Let’s say, hypothetically, you’re hiking the Timberline Trail on Oregon’s Mount Hood in early September.
And let’s say — again, hypothetically — you decide it is a good idea to leap onto a rock in the middle of a raging mountain creek, then leap onto another, while carrying a 40-pound pack. Why? Because you’re trying to keep up with your daughter and her dog. Hypothetically.
And then your foot slips on one of those rocks and you come crashing to the surface, your forehead smacking a rock in a quite real fashion.
A gash opens over your right eye, bleeding ensues.
Like many things, it depends. But when it comes to cuts, there are four steps that should be followed whether the cut is barely perceptible or has sliced through skin and muscle.
1. Stop the bleeding. In the example above — OK, it really happened — bleeding stopped remarkably quickly with continuous pressure applied to the gash above an eye with a bandana soaked in glacier-fed creek water. The frigidness of the water was a plus and the fact infection did not result from the untreated wilderness water was another plus. Cuts that continue to bleed after continuous pressure applied for 15 minutes will typically require sutures.
2. Wash the wound. That river water didn’t clean the wound. Use soap if available, even if it’s a painful scrape that may be even more painful to clean. In an emergency first aid kit at home or one on the trail, it’s valuable to have a syringe with an 18-gauge catheter tip to create a high-pressure irrigation stream. The goal is clear residual dirt or blood. An alternative is to pluck debris with tweezers. In this example, the high-pressure irrigation was used with a syringe, but emergency medical professionals still found dirt later. More on that in a moment.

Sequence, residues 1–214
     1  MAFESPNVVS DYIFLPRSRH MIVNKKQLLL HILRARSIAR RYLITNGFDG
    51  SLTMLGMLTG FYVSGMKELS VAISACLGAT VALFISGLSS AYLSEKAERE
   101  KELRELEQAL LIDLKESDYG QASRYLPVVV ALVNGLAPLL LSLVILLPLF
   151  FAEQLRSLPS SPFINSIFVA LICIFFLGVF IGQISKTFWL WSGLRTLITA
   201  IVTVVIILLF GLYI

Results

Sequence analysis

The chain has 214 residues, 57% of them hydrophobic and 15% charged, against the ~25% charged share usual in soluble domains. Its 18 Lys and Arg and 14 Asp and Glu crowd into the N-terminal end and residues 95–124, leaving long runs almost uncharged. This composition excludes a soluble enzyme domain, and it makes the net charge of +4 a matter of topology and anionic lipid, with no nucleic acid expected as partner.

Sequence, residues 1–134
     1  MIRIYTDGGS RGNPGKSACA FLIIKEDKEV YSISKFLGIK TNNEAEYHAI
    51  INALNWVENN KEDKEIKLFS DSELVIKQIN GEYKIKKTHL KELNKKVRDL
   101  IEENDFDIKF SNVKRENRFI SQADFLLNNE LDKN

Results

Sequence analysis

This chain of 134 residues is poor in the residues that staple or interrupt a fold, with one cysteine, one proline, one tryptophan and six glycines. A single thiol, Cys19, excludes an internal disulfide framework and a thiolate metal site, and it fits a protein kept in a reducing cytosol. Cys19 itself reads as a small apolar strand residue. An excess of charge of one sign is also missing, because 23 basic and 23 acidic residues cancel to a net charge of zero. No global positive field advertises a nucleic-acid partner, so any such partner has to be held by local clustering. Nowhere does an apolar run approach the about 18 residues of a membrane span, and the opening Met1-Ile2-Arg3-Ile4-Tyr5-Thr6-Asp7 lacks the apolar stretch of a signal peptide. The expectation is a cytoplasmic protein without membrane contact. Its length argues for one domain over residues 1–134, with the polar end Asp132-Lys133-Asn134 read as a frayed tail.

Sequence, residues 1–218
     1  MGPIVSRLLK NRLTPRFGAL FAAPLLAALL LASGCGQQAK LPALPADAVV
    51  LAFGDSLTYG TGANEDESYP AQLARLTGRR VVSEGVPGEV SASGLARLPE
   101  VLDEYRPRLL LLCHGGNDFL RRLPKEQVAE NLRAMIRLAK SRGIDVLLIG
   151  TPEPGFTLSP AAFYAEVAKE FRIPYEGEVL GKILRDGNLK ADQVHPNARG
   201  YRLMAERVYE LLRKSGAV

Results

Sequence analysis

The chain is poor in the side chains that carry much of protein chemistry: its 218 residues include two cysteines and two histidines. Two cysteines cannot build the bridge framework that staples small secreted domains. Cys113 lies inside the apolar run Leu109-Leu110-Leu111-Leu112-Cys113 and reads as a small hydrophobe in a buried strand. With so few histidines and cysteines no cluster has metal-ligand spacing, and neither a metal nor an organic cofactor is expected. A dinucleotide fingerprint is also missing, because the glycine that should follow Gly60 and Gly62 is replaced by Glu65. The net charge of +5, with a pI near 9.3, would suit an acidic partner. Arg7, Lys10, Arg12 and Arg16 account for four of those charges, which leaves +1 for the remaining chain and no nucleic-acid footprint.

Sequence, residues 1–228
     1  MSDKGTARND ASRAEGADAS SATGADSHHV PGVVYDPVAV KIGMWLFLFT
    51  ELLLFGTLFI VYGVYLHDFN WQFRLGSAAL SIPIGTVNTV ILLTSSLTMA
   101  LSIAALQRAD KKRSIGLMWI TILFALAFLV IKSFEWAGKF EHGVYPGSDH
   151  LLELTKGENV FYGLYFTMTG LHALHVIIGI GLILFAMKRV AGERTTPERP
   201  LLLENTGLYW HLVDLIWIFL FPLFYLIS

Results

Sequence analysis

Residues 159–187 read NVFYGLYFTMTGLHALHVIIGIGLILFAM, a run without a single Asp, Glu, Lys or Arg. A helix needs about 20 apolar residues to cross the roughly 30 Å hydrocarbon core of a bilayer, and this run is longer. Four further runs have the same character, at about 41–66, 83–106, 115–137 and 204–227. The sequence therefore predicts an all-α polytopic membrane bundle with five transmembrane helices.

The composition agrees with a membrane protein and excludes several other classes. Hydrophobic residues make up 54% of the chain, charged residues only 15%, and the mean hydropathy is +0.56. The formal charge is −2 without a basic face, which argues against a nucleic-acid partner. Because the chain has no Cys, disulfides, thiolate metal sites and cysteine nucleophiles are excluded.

3. Apply ointment. Neosporin or a generic triple antibiotic ointment will do. In addition to its germ-fighting properties, the ointment will prevent the wound from sticking to the bandage.
4. Protect the wound. In many cases, this will be done with a simple adhesive bandage. For wounds that are deeper — where muscle tissue can be seen, for example — butterfly bandages can be used as a temporary closure technique. In this example, three butterfly bandages were placed perpendicular to the cut. Gauze was then placed over the bandages and the gauze was secured to the skin with surgical tape. If stitches are required, it is important to get to emergency care within six to eight hours, which will reduce the risk of serious infection and help the stitches hold better.
In the example here, the patient walked eight miles to a trailhead, got a ride from a stranger for 20 miles to his car, then drove nearly 50 miles more to a medical center emergency room. There, medical staff thoroughly scrubbed the wound after applying local anesthetic injections, and a physician sewed 13 stitches. The patient said his thanks for a well-stocked first aid kit and the skilled work of an emergency department staff.
When you need fast care for cuts and scrapes you can’t treat at home, come see us at your neighborhood Providence Express Care Clinic or Urgent Care Clinic.
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This information is not intended as a substitute for professional medical care. Always follow your health care professional's instructions.